These seven arts were divided into the two familiar categories: the trivium, consisting of the verbal arts of logic, grammar, and rhetoric; and the quadrivium, consisting of the numerical arts of mathematics, geometry, music, and astronomy. These disciplines came to constitute the liberal arts, which “provided the basic content and form of intellectual life [in Europe] for several centuries.” The liberal arts were, in effect, regarded as “the seven pillars of wisdom.” 10
How, in this tradition, are the liberal arts related to one another and to education as a whole? The trivium and quadrivium mean literally “the three ways” and “the four ways.” These disciplines are, as Thomas Aquinas said, “paths preparing the mind for the other philosophic disciplines.” 11 The liberal arts are basic; they are foundations of a full liberal education, which rises from them and reaches beyond them.
There is a distinctive mode of reasoning appropriate to the different disciplines. As Aristotle noted, an educated person does “not require precision in all pursuits alike, but in each field precision varies with the matter under discussion.” 12 The carpenter and the geometer investigate the right angle in different ways. One should not demand mathematical precision of a statesman defending the cause of justice; nor should one accept enthymemes from a mathematician demonstrating the Pythagorean theorem. Yet both mathematical and moral or political discourse reveal elements of the truth about the world in which we live.
There is an inherent hierarchy within the liberal arts themselves and in the whole educational edifice of which they are the foundation. According to the tradition, a student should first acquire a facility with language (logos, which means both speech and reason) because this discipline is necessary for all other studies (for the liberal arts, as elsewhere, “in the beginning is the word”). Youth is also traditionally held to be capable of acquiring the art of mathematics, because it is abstract, whereas certain other disciplines require experience to be understood. The practical disciplines of ethics and politics, for example, depend upon the accumulation of experience and, most important, the development of the capacity to subject one’s passions and appetites to reason.
Last comes the most difficult and the highest study, the study of first causes. For the pagan Greeks and Romans, this study culminated in metaphysics. With the assimilation of the pagan tradition to Christianity, the highest study became, of course, theology, the divine science. And the liberal arts were throughout Christendom, from the time of Augustine to the time of Aquinas and well after, understood as the necessary preparation for the lofty and rigorous discipline of understanding in its fullness “…the truth [that] shall make you free” (John 8:32).
Within the historical development of the liberal arts themselves, the question is continuously raised of the meaning, purpose, and unifying principle of the liberal arts. For some two thousand years, the nature of this question and this principle remains in a decisive respect the same. In the sixteenth and seventeenth centuries, a radical reorientation or disorientation occurs, a revolution in thought marking a departure from the previous two millennia and inaugurating the modern era. It is impossible to understand the significance of this modern revolution, however, without understanding fully the still living—if battle-scarred—tradition it was intended to replace.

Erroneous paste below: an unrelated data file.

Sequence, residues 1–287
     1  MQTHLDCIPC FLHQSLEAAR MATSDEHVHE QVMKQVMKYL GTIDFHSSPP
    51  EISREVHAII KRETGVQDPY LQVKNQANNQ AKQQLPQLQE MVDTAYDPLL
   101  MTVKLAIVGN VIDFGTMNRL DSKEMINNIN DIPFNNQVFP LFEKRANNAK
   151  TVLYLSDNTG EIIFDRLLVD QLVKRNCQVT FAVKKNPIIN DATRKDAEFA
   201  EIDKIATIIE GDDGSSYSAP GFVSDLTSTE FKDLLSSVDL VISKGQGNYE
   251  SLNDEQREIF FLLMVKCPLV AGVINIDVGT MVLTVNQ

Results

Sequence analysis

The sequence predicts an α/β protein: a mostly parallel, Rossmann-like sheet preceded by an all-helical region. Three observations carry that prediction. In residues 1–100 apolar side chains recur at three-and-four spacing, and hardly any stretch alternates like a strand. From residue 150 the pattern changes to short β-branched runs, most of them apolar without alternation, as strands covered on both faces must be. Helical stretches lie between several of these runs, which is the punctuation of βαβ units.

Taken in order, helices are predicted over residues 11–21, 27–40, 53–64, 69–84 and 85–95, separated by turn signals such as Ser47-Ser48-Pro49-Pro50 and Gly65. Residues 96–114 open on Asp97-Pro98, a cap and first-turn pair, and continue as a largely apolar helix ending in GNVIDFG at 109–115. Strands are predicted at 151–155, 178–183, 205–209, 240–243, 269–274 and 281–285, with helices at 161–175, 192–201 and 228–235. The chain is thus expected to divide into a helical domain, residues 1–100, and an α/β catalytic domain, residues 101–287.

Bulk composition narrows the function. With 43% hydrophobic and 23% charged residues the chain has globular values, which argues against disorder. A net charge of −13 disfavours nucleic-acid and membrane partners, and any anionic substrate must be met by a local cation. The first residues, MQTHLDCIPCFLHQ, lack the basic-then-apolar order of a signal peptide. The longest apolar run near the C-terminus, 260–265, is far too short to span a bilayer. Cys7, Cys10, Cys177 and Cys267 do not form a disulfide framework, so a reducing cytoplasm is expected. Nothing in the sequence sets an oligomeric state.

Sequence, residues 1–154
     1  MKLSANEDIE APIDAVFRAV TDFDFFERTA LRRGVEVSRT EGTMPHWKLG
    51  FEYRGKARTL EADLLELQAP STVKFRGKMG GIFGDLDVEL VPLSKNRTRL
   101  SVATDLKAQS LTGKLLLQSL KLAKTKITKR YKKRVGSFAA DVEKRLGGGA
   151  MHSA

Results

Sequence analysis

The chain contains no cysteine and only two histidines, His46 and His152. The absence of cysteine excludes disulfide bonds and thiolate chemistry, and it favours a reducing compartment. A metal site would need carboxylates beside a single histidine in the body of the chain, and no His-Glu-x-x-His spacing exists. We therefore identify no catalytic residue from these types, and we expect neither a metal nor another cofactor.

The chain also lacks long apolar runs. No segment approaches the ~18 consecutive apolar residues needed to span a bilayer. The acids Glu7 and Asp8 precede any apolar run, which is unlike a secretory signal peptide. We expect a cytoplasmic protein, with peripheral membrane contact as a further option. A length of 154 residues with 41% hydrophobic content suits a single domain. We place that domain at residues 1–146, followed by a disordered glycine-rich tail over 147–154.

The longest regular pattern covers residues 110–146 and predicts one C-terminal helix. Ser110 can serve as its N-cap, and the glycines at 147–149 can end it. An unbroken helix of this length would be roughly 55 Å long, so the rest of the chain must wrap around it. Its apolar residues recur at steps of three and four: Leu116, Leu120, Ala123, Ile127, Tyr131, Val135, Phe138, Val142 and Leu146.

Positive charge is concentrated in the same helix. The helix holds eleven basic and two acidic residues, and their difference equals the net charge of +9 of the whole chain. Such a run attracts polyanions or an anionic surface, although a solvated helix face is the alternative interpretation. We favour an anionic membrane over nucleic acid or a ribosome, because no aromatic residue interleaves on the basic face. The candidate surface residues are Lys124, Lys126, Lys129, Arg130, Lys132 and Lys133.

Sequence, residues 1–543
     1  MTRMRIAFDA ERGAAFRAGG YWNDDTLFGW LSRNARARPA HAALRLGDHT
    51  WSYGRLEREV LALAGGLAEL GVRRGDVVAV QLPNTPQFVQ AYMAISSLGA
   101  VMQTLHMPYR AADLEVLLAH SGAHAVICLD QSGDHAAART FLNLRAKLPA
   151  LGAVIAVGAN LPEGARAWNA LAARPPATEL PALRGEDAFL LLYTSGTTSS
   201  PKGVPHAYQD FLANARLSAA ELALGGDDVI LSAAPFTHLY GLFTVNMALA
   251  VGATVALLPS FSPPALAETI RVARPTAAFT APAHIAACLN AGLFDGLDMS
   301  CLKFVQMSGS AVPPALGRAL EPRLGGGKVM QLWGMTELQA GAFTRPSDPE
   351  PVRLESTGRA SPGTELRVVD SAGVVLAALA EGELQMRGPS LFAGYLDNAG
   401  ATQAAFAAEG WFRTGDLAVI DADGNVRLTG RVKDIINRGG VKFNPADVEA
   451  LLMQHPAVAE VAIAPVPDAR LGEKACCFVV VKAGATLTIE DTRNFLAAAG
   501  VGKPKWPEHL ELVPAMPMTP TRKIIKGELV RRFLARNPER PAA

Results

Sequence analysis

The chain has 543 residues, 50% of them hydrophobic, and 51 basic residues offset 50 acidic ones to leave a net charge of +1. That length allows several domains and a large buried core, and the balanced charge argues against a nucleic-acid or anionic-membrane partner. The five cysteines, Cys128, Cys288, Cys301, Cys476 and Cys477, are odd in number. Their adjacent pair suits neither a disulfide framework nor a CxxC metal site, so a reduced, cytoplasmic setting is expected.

In this tradition, the liberal arts, the artes liberales, are literally arts of freedom. Traditionally this meant, among other things, the arts of free men as opposed to slaves. A slave is one who is subjected to the will of another, who is a mere tool or instrument of alien purposes and cannot choose purposes for himself. People are subjected to slavery by conquest. To prevent such conquest, to preserve that freedom which is a condition for the exercise of the liberal arts, requires other arts, arts of necessity, most notably the art of war. Other necessities also encroach upon our freedom and our very survival—the needs for food, shelter, and clothing, for example. Arts are developed to secure the necessary material conditions for existence. Economics (from the Greek oikonomike, household management) is the name given to the general art of acquiring such necessary material goods. The successful cultivation of the arts of necessity seems to be a necessary condition for the flourishing of the arts of freedom.
Unlike the compulsory arts of war and economics the liberal arts are not forced upon us by the needs of mere life but are chosen for the sake of a good life. They are arts not for the acquisition or accomplishment of necessary things but for the use of choiceworthy things. They were distinguished traditionally, for this reason, from the manual or mechanical arts as well. That is, they are not merely instrumental arts but arts that are in some respect an end in themselves. They are arts to be exercised, as it were, after the battles are fought and won, and the fields are plowed, and the buying and selling are done. They are, as Aristotle would say, the “leisure” arts. 13 Our students are (perhaps painfully) amused around exam time when we recall to them that our words “school,” and “scholar,” and “scholarship” are derived from the Greek word “schole,” which means leisure—and that “schools” are places where “scholars” learn to make the best use of their “schole.”